State and political subdivisions of states
$

 
$

 
$

 
$
1

 
$
1

Residential mortgage-backed securities - Agency

 

 

 
179

 
179

Total held-to-maturity investment securities
$

 
$

 
$

 
$
180

 
$
180

Available-for-Sale Investment Securities—Fair Values
 
 
 
 
 
 
 
 
 
U.S. Treasury securities
$

 
$
672

 
$

 
$

 
$
672

Residential mortgage-backed securities - Agency

 
73

 
559

 
195

 
827

Total available-for-sale investment securities
$

 
$
745

 
$
559

 
$
195

 
$
1,499

Held-to-Maturity Investment Securities—Fair Values
 
 
 
 
 
 
 
 
 
State and political subdivisions of states
$

 
$

 
$

 
$
1

 
$
1

Residential mortgage-backed securities - Agency

 

 

 
179

 
179

Total held-to-maturity investment securities
$

 
$

 
$

 
$
180

 
$
180

 
 
 
 
 
 
 
 
 
 
Other Investments
As a part of the Company's community reinvestment initiatives, the Company has made equity investments in certain limited partnerships and limited liability companies that finance the construction and rehabilitation of affordable rental housing, as well as stimulate economic development in low to moderate income communities. These investments are accounted for using the equity method of accounting and are recorded within other assets. The related commitment for future investments is recorded in accrued expenses and other liabilities within the condensed consolidated statements of financial condition. The portion of each investment's operating results allocable to the Company is recorded in other expense within the condensed consolidated statements of income. The Company earns a return primarily through the receipt of tax credits allocated to the affordable housing projects and the community revitalization projects. These investments are not consolidated as the Company does not have a controlling financial interest in the entities. As of June 30, 2017 and December 31, 2016, the Company had outstanding investments in these entities of $332 million and $326 million, respectively, and related contingent liabilities of $74 million and $64 million, respectively. Of the above outstanding equity investments, the Company had $290 million and $270 million of investments related to affordable housing projects as of June 30, 2017 and December 31, 2016, respectively, which had $74 million and $64 million related contingent liabilities, respectively.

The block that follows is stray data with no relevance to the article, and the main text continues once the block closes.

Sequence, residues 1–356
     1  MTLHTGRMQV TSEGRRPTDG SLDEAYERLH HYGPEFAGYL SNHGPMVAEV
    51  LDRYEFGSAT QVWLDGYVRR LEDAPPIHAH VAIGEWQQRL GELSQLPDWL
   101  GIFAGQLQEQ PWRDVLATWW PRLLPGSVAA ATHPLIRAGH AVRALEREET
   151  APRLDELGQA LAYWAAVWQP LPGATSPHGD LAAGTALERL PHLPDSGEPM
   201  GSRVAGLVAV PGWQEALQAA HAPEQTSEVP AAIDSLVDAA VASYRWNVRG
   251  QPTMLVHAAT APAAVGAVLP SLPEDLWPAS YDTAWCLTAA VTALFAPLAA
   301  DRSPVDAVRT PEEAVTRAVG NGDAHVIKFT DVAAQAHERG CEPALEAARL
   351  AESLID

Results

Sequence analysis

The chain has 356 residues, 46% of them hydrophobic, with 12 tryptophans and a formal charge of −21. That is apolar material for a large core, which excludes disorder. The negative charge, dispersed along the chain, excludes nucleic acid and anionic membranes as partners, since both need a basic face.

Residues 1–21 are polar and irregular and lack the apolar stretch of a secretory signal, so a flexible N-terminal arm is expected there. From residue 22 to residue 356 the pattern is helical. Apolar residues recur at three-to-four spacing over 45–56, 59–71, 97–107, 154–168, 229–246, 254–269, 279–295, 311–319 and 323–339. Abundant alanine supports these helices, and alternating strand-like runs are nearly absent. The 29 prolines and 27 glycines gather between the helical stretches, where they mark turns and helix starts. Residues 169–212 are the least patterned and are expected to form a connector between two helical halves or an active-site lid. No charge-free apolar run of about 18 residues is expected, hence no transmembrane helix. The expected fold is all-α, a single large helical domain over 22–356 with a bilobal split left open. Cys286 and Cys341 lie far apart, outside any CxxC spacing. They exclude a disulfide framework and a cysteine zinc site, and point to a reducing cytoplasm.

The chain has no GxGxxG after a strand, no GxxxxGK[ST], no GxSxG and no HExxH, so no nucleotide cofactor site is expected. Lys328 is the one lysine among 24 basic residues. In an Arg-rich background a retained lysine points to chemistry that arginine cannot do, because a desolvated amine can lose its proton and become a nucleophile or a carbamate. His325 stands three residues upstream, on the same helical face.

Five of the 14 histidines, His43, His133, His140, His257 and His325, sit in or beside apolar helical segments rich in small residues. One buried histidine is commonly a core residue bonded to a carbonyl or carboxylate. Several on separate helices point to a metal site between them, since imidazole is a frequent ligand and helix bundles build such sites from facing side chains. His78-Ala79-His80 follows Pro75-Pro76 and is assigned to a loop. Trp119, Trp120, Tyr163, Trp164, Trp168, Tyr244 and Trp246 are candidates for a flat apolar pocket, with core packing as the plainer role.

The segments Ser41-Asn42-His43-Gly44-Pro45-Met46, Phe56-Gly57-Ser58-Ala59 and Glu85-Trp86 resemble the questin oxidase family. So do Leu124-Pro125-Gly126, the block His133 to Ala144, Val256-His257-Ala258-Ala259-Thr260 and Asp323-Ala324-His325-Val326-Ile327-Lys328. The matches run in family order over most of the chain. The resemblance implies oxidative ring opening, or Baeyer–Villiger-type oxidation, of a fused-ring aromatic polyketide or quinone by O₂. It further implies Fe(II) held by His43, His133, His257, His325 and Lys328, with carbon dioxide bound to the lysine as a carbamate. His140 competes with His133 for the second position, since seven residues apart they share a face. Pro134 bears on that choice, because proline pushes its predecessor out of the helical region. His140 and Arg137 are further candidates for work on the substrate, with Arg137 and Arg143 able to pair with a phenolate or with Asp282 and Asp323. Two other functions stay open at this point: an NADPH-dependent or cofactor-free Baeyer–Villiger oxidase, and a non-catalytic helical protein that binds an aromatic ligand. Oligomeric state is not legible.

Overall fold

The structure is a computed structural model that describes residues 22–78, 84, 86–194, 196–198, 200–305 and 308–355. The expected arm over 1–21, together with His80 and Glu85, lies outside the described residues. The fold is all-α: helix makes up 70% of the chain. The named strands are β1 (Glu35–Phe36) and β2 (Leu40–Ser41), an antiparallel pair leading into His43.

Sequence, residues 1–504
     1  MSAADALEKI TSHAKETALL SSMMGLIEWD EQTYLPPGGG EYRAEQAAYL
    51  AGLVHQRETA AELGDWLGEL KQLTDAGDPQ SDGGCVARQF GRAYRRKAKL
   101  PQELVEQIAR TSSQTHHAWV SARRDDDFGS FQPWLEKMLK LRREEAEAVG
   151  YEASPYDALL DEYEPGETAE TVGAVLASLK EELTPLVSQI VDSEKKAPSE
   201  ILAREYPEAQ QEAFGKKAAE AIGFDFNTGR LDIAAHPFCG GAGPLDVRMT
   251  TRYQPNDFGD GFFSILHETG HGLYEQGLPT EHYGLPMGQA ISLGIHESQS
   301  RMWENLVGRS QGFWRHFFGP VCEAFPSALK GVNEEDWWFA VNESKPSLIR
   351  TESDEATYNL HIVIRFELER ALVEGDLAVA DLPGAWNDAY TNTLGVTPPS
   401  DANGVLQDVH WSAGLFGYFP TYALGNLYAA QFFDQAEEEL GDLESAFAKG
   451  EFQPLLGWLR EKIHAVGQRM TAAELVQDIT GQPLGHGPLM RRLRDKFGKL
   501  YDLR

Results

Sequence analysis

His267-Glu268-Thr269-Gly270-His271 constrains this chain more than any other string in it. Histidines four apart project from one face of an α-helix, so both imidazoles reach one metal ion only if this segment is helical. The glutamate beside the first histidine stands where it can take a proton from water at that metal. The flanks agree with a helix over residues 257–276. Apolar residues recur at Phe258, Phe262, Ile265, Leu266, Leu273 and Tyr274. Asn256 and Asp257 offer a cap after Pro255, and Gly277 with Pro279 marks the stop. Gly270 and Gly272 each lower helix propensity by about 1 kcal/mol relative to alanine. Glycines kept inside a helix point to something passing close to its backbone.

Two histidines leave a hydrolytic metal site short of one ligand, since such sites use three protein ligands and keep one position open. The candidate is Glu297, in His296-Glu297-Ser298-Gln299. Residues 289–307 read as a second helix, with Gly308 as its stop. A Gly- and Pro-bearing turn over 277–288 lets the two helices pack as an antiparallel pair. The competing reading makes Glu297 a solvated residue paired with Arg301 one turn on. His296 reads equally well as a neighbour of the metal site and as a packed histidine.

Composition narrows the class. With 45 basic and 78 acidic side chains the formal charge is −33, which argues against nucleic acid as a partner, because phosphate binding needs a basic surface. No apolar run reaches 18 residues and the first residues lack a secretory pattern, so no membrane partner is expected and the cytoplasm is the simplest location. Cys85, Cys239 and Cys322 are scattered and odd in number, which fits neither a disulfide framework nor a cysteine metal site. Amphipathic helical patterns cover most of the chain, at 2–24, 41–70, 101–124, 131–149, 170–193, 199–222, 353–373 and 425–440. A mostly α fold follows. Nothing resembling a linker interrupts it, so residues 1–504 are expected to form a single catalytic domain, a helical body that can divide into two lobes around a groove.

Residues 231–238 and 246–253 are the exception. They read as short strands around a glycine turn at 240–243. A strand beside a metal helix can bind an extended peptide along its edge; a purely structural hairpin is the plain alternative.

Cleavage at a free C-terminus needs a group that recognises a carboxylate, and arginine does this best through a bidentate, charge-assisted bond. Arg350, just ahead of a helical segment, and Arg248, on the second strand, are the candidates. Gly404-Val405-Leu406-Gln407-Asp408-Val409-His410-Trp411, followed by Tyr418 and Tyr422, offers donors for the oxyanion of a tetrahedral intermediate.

11


3.
Loan Receivables
The Company has three loan portfolio segments: credit card loans, other loans and PCI loans.
The Company's classes of receivables within the three portfolio segments are depicted in the table below (dollars in millions):
 
June 30,
2017
 
December 31,
2016
Loan receivables
 
 
 
Credit card loans(1)
$
61,797

 
$
61,522

Other loans
 
 
 
Personal loans
6,955

 
6,481

Private student loans
6,594

 
6,393

Other
329

 
274

Total other loans
13,878

 
13,148

PCI loans(2)
2,322

 
2,584

Total loan receivables
77,997

 
77,254

Allowance for loan losses
(2,384
)
 
(2,167
)
Net loan receivables